11 July 2011
Black people in the UK are nearly twice as likely to be diagnosed with stomach cancer , warns leading cancer charity Macmillan Cancer Support during Ethnic Minority Cancer Awareness Week (11-17 July 2011).
Evidence reveals a disproportionally high number of black men and women suffering from the disease, however, until now no formal research has been done to fully understand why these disparities in stomach cancer exist. Different diets in the black community, smoking, and lack of cancer awareness, could be some of the risk factors leading to higher stomach cancer rates.
Warning symptoms of stomach cancer can include:
- heartburn or indigestion that doesn’t go away
- difficulty in swallowing
- a bloated feeling after eating
- losing weight
Ellen Lang, Senior Cancer Information Nurse at Macmillan Cancer Support, said:
'If you have any symptoms of stomach cancer described we would urge you to see your GP immediately who will examine you and arrange any tests or x-rays that may be necessary. Many of the symptoms are common to conditions other than cancer but it’s important to have them checked out.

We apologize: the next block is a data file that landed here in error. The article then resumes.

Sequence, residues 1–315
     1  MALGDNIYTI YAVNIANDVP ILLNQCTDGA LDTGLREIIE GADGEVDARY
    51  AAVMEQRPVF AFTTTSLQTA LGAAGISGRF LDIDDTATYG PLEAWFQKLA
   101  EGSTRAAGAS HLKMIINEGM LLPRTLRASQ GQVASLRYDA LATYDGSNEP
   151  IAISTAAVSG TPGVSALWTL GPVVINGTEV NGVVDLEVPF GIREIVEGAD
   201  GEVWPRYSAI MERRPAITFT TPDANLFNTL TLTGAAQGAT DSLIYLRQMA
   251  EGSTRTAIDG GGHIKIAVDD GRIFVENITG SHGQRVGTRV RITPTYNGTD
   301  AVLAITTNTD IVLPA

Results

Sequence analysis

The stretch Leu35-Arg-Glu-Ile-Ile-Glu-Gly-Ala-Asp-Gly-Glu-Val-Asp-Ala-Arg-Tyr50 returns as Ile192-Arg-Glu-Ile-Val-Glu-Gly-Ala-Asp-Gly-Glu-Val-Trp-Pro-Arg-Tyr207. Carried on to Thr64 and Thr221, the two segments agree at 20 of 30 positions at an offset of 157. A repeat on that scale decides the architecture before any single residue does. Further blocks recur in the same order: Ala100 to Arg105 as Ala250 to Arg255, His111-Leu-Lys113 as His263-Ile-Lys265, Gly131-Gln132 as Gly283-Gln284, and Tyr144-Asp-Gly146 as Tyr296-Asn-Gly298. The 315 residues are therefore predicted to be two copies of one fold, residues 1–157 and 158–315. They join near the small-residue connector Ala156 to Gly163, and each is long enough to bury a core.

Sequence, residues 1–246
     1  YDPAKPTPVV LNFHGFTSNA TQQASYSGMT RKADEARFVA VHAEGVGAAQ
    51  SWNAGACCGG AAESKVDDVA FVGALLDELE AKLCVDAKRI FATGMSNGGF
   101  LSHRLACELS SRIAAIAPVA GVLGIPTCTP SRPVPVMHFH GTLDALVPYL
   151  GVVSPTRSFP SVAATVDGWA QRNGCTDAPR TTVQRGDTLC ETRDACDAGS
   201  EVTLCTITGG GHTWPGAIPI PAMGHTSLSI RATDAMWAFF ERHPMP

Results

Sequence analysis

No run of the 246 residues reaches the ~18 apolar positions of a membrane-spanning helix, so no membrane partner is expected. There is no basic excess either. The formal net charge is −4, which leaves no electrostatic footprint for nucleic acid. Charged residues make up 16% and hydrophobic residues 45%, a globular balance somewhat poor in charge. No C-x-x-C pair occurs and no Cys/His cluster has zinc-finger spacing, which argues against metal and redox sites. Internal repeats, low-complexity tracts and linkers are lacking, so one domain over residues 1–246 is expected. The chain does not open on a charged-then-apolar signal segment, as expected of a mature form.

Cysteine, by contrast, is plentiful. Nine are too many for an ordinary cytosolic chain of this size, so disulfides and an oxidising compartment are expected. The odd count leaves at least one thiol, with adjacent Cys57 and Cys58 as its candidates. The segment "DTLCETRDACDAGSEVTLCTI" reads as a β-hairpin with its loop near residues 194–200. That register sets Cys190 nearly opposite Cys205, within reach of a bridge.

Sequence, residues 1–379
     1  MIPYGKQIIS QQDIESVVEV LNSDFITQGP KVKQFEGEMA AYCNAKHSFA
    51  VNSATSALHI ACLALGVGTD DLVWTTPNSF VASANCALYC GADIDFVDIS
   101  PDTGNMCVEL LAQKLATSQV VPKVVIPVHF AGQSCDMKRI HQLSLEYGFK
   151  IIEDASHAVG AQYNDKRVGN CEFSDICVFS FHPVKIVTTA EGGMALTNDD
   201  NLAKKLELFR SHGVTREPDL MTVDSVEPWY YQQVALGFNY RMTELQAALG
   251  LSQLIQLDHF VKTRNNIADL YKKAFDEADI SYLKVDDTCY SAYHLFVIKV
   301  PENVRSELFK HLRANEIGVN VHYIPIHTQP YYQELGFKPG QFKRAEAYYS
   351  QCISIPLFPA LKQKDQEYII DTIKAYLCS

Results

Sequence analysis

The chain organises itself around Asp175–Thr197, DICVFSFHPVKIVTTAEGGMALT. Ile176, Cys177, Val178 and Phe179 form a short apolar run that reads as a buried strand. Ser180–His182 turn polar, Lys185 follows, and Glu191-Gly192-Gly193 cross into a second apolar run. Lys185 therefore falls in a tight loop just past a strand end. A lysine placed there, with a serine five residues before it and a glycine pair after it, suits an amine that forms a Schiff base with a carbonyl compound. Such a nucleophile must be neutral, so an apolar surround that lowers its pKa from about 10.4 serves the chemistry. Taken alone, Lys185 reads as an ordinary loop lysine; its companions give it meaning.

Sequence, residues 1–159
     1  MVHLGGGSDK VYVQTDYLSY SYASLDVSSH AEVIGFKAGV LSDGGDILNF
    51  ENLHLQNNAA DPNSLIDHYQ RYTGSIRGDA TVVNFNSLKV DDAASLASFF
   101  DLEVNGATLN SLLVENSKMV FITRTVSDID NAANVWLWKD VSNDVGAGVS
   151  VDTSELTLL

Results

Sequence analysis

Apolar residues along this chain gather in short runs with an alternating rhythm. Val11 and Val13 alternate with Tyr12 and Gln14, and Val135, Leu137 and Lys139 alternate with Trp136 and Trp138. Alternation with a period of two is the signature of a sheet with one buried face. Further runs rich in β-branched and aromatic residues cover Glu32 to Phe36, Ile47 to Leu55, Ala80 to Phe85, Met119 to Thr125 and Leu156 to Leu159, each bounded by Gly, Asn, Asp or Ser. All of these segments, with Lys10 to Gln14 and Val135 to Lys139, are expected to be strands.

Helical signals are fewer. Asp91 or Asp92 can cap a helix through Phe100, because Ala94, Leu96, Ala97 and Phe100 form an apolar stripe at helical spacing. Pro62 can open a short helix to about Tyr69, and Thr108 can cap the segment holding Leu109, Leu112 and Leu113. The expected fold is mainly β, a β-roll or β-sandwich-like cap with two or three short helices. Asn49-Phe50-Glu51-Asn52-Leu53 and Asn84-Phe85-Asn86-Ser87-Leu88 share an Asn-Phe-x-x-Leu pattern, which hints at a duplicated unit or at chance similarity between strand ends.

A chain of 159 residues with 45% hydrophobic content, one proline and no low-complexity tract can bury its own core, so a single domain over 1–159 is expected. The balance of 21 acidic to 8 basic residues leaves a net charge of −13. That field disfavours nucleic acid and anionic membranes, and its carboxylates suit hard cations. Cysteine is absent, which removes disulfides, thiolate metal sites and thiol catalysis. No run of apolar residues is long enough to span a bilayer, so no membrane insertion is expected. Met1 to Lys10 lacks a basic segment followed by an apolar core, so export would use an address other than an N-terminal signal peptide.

'There are many ways black people can reduce their risk of stomach cancer - quit smoking and eat a healthy diet with more green leafy vegetables, fruit, less salt and processed meat.'
For cancer support at home, over the phone, call the Macmillan Support Line free on 0808 808 00 00 (Monday to Friday, 9am - 8pm), which offers an interpretation service in over 200 languages or visit macmillan.org.uk
For further information, please contact:
Julie Wills, Assistant Media & PR Officer, Macmillan Cancer Support
020 7840 4933
Notes to Editors:
 NCIN (2009) Cancer Incidence and Survival By Major Ethnic Group, England, 2002 - 2006
 Around 8,000 people are diagnosed with stomach cancer in the UK every year
About Ethnic Minority Cancer Awareness Week
Ethnic Minority Cancer Awareness Week is organised by a collaboration of leading charities including Macmillan Cancer Support to increase awareness and early diagnosis of cancer among ethnic minority communities and groups. Many people in ethnic communities tend to be diagnosed when cancer is more advanced, leading to poorer survival.
About Macmillan Cancer Support
Macmillan Cancer Support improves the lives of people affected by cancer, providing practical, medical, emotional and financial support. Working alongside people affected by cancer, Macmillan works to improve cancer care. One in three of us will get cancer. Two million of us are living with it. If you are affected by cancer Macmillan can help.